In November 2020, the order expired and was replaced by a curfew that lasted from 11pm to 5am. On February 11, 2021, all restrictions were lifted and alcohol sales in Ohio were allowed to return to normal. Governor DeWine attributed the change to the fact that COVID-19 hospitalizations were able to stay under 2,500 for seven days. If numbers continue to decline, businesses won’t have to worry about more restrictions in the future. 

As with most states, alcohol sales in Ohio experienced a significant shift from bars and restaurants to individuals. In 2020, residents bought 16.75 million gallons of alcohol compared to 15.25 million in 2019 and 14.66 million gallons in 2018. While an increase in sales doesn’t translate directly into an increase in consumption, it is clear that limiting food and alcohol to take-out only changed the way people bought and consumed alcohol. 

Now that restrictions have been lifted and people are able to return to bars and restaurants, it remains to be seen how Ohioans will react. People may take a more cautious approach and continue to stay home or there may be a surge in business as people deal with lockdown fatigue. It will be interesting to see whether business shifts back to bars and restaurants or people stick with off-premise consumption habits during 2021. 

For more about alcohol sales and liquor laws in other states, check out our articles linked below.


Is Ohio a control state? 

Yes, Ohio is one of seventeen control states. 

What is the history of alcohol rules in Ohio? 

In 1983, Ohio adopted a bailment system and in 1991, the state started to change all its stores to privately owned Contract Liquor Agencies. In 2013, JobsOhio Beverage System was given franchise rights and began modernizing the entire system.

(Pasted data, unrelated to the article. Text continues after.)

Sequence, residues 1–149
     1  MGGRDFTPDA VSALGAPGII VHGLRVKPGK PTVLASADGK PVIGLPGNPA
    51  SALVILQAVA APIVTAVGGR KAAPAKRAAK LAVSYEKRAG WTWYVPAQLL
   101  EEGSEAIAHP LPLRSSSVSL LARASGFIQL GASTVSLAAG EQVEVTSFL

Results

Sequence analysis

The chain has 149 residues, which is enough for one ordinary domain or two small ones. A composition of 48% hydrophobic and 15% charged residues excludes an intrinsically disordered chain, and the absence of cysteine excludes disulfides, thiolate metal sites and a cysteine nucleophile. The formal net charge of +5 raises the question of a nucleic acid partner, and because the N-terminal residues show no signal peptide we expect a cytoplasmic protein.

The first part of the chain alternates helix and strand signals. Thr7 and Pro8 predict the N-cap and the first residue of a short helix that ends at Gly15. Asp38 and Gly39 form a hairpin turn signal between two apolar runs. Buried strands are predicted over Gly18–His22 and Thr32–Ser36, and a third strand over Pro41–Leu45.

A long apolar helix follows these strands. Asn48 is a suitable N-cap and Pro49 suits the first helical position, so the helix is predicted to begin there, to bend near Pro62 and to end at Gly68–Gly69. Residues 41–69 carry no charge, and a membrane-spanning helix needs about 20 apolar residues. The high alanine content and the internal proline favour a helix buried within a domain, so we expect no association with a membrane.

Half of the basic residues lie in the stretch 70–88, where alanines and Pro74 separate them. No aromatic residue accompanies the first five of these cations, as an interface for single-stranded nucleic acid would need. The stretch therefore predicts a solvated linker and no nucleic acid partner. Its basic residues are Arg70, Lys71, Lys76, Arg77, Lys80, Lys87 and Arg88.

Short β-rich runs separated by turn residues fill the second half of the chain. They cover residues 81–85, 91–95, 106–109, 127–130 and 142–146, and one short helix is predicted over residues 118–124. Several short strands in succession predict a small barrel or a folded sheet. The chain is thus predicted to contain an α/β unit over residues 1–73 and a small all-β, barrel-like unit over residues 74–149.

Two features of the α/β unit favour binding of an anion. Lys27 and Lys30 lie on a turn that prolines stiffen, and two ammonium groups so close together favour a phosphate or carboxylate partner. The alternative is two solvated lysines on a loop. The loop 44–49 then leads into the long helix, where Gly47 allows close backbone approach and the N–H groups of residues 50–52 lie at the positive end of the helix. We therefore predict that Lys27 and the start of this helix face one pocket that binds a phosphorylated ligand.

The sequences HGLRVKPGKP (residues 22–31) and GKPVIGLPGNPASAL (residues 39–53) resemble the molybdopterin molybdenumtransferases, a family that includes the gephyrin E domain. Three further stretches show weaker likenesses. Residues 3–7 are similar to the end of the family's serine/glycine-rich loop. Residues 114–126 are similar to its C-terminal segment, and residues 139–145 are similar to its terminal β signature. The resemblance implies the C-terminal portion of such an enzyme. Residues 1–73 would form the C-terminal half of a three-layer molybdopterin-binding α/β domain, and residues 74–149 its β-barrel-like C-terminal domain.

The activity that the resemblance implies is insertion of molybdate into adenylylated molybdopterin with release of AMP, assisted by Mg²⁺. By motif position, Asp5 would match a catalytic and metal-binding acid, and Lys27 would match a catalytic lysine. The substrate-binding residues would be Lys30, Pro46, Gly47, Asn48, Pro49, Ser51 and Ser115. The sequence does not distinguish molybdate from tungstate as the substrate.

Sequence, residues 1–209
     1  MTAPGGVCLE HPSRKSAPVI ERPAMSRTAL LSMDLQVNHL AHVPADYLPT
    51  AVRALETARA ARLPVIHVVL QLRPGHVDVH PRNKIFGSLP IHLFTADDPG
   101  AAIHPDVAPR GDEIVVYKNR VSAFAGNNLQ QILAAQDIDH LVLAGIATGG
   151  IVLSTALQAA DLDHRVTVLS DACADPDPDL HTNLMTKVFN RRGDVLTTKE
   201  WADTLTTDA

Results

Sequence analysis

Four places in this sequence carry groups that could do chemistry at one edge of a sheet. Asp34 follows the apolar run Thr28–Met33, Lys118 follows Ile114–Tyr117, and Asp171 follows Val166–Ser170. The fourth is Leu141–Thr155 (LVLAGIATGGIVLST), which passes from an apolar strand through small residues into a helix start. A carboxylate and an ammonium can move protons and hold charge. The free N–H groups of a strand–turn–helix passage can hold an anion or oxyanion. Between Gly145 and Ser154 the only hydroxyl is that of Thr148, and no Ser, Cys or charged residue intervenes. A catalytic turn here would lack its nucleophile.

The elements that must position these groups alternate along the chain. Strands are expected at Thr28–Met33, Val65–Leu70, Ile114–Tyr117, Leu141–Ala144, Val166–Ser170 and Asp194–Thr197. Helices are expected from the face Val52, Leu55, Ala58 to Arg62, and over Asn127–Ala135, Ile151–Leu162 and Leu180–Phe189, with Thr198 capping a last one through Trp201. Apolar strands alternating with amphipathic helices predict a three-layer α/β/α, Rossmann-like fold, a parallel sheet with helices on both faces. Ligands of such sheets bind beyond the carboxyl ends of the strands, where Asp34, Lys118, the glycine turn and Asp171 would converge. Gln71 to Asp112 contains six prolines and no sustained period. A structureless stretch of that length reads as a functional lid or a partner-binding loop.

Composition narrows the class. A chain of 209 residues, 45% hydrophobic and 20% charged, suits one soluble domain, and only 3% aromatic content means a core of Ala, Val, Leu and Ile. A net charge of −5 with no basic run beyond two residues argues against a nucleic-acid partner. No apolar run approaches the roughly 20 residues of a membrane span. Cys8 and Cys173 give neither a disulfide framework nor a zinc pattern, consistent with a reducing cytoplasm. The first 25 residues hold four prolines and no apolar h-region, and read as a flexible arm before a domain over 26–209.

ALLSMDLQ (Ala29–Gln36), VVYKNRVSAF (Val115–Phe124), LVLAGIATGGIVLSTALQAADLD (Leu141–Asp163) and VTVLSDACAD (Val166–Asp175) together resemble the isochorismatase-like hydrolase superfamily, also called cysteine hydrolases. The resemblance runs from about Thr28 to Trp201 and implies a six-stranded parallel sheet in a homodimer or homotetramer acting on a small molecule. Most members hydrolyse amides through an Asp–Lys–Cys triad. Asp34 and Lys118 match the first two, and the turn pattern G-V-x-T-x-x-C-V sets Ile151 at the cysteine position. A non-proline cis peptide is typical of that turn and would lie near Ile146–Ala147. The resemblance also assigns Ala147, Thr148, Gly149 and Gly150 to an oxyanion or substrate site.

When did Blue Laws end in Ohio? 

In 2000, alcohol sales were permitted in sports arenas starting at 11am and alcohol could be bought in stores at 1pm.

Did they stop alcohol sales in Ohio?

No, bars and restaurants were required to stop selling alcohol at 10pm, but sales were never completely stopped.

How did COVID-19 affect alcohol sales in Ohio?

Alcohol sales shifted from bars and restaurants to consumers. Overall, sales went up as people started consuming off-premise. 



Leave a Reply

Your email address will not be published. Required fields are marked *

Latest Posts:
Subscribe to


Stay up to date with the latest in marketing, sales, service tips and news for the beverage alcohol industry.

Related Posts
Liquor bottles without labels

Navigating Alcohol Branding and Advertising Rules

In the dynamic and competitive world of alcohol marketing, striking the perfect balance between creative branding and strict regulatory compliance is not just a challenge—it’s

A photo of writing on a piece of paper with the words competitive pricing circled.

Best Pricing Strategy for New Products in Beverage Industry

Launching a new product in the beverage industry requires a well-thought-out and researched pricing strategy. There are five basic pricing strategies that can help you determine the price point for your new alcohol brand.